The following is an excerpt from an essay on Granada, Nicaragua.
Granada is a perfect city. The old houses are locked together, forming candy stripes of pastel paint. The streets are narrow and crooked, opening into public plazas. Enormous wooden doors hang open, revealing leafy courtyards and abuelas in rocking chairs. Skinny teenagers pedal down the street on bicycles, their chains squealing, just as horse-drawn carriages fly in the opposite direction. The old city is only a few kilometers long; we walked from one end to the other within a half-hour. Visitors describe Granada as “colonial,” but the stone walkways and towering churches smack of fairytale Europe—the Italy of Pinocchio, the Spain of Don Quixote. Such majesty should only exist in the woodcuts of romantic novels.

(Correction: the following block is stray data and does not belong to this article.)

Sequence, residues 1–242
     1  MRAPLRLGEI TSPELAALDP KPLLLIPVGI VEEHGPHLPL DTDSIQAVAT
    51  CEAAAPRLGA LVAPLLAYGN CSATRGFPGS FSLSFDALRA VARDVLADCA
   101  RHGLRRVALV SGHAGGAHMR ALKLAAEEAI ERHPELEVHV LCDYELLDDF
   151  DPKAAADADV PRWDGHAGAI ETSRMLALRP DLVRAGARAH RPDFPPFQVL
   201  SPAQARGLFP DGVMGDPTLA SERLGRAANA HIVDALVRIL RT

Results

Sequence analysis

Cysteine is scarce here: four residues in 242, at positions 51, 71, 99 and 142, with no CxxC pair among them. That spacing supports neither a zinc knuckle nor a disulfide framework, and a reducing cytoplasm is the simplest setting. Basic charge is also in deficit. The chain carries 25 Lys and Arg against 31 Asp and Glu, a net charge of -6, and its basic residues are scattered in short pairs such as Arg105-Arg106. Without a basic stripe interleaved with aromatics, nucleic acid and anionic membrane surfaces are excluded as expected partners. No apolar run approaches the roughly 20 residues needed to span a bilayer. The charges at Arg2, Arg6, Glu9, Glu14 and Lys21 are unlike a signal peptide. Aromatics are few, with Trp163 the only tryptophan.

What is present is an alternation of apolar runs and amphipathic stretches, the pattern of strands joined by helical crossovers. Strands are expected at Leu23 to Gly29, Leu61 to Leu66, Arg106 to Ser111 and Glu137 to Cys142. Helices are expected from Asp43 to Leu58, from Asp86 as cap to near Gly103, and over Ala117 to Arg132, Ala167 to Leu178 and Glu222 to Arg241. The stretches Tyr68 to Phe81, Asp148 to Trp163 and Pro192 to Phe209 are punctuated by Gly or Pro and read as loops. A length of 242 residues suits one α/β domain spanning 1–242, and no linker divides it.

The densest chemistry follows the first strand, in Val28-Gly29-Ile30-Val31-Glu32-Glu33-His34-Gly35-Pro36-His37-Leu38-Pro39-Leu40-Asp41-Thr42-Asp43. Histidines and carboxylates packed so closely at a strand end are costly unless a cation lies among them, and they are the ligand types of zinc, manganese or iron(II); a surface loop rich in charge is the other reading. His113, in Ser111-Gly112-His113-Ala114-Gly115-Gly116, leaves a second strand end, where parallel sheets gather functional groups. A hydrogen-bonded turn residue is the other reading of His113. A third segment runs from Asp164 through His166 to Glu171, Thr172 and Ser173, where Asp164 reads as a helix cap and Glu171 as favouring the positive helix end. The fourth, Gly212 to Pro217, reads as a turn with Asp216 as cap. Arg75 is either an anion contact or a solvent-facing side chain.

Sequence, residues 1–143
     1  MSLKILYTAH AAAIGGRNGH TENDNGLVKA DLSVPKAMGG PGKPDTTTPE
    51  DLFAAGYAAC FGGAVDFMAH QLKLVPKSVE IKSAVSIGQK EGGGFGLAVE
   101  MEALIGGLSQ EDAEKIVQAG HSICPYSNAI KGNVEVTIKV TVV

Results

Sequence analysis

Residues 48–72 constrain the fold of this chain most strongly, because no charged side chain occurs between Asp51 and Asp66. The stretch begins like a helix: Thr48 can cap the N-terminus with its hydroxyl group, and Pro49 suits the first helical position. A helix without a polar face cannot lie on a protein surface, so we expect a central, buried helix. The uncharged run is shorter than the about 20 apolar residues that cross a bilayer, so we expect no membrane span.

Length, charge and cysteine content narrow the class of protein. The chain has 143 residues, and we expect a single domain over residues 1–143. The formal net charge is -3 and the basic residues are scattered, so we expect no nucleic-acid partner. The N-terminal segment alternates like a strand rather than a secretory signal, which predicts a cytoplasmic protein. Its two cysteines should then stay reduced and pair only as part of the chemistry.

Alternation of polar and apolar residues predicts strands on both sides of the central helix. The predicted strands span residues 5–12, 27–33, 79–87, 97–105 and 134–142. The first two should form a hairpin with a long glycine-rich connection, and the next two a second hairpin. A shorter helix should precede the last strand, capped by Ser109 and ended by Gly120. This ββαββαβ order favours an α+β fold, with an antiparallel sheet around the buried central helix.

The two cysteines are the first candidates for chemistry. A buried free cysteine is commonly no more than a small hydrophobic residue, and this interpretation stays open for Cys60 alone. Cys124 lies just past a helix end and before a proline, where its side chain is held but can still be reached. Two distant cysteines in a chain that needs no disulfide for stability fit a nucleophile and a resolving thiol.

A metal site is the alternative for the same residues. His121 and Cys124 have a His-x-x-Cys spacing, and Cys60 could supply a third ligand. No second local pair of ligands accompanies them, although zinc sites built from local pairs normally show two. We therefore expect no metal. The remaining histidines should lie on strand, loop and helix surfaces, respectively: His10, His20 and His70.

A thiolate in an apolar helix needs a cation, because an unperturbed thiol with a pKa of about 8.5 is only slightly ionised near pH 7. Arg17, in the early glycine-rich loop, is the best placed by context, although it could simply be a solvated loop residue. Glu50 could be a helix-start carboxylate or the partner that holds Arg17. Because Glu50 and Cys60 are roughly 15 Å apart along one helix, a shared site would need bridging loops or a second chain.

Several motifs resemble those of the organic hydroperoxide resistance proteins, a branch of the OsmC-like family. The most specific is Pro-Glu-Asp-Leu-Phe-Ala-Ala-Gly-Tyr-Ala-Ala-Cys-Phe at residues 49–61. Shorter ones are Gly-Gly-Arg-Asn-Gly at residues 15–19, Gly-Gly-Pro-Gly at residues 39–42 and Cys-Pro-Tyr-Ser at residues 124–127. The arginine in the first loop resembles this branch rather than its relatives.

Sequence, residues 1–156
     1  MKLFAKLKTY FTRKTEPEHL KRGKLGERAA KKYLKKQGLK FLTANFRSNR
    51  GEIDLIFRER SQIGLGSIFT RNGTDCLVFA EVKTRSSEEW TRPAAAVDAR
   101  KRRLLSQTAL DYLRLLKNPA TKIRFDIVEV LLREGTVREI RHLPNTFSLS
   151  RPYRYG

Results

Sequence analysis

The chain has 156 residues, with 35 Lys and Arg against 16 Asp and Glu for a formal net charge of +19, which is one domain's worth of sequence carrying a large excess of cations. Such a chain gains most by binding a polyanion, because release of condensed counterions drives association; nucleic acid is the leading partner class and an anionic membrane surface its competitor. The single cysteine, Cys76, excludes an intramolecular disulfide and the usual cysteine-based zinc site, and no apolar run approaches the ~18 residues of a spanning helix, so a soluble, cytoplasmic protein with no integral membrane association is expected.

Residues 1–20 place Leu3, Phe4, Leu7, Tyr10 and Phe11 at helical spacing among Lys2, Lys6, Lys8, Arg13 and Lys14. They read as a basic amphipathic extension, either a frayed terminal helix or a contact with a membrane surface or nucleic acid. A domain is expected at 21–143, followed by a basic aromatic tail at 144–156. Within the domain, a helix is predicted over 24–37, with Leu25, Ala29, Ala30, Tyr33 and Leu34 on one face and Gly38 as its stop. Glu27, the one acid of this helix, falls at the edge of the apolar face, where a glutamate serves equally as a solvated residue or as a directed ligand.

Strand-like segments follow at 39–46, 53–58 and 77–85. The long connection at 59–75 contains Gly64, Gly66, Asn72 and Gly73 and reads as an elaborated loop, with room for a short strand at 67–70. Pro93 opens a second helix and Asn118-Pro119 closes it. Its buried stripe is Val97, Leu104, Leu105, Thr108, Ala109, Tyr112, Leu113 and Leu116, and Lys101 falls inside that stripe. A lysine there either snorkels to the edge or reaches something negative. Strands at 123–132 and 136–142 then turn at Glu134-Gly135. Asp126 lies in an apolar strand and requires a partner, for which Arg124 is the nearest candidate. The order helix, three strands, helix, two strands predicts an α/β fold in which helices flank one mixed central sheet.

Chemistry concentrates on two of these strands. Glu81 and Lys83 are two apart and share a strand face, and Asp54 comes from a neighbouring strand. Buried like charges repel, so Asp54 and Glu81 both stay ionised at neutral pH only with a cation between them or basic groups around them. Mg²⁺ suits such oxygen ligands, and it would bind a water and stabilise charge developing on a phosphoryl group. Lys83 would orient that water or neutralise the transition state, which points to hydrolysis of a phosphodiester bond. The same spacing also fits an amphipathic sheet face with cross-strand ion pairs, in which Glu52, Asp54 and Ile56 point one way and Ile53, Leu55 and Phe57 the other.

Even our hotel was perfect, with its wooded atria and tiny pool, the simple rooms and plaster walls crawling with geckos. On the avenues, the restaurants had perfect arrangements of tables, perfect platters of ropa vieja and fried plantains, perfect little napkins wrapped around Coca-Cola necks. When we ordered “un litro” of Toña beer, it tasted perfect on our lips, the lightest and airiest of cervezas.